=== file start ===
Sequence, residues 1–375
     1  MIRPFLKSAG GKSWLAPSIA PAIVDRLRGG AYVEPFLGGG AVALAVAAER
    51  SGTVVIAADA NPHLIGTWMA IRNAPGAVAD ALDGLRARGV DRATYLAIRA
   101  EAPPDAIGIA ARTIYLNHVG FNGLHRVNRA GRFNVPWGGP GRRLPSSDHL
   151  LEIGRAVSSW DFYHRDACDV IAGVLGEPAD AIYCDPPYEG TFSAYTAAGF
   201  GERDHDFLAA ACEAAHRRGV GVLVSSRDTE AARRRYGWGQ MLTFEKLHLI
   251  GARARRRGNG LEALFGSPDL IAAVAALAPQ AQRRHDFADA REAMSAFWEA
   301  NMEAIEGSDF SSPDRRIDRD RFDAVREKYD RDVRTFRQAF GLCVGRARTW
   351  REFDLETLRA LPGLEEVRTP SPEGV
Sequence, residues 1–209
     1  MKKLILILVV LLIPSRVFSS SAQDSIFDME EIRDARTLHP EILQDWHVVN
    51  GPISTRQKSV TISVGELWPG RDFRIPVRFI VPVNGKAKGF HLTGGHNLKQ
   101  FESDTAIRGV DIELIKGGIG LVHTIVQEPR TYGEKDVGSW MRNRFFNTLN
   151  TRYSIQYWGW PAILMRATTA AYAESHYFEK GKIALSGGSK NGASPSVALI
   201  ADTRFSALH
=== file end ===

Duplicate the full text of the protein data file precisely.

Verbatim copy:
Sequence, residues 1–375
     1  MIRPFLKSAG GKSWLAPSIA PAIVDRLRGG AYVEPFLGGG AVALAVAAER
    51  SGTVVIAADA NPHLIGTWMA IRNAPGAVAD ALDGLRARGV DRATYLAIRA
   101  EAPPDAIGIA ARTIYLNHVG FNGLHRVNRA GRFNVPWGGP GRRLPSSDHL
   151  LEIGRAVSSW DFYHRDACDV IAGVLGEPAD AIYCDPPYEG TFSAYTAAGF
   201  GERDHDFLAA ACEAAHRRGV GVLVSSRDTE AARRRYGWGQ MLTFEKLHLI
   251  GARARRRGNG LEALFGSPDL IAAVAALAPQ AQRRHDFADA REAMSAFWEA
   301  NMEAIEGSDF SSPDRRIDRD RFDAVREKYD RDVRTFRQAF GLCVGRARTW
   351  REFDLETLRA LPGLEEVRTP SPEGV
Sequence, residues 1–209
     1  MKKLILILVV LLIPSRVFSS SAQDSIFDME EIRDARTLHP EILQDWHVVN
    51  GPISTRQKSV TISVGELWPG RDFRIPVRFI VPVNGKAKGF HLTGGHNLKQ
   101  FESDTAIRGV DIELIKGGIG LVHTIVQEPR TYGEKDVGSW MRNRFFNTLN
   151  TRYSIQYWGW PAILMRATTA AYAESHYFEK GKIALSGGSK NGASPSVALI
   201  ADTRFSALH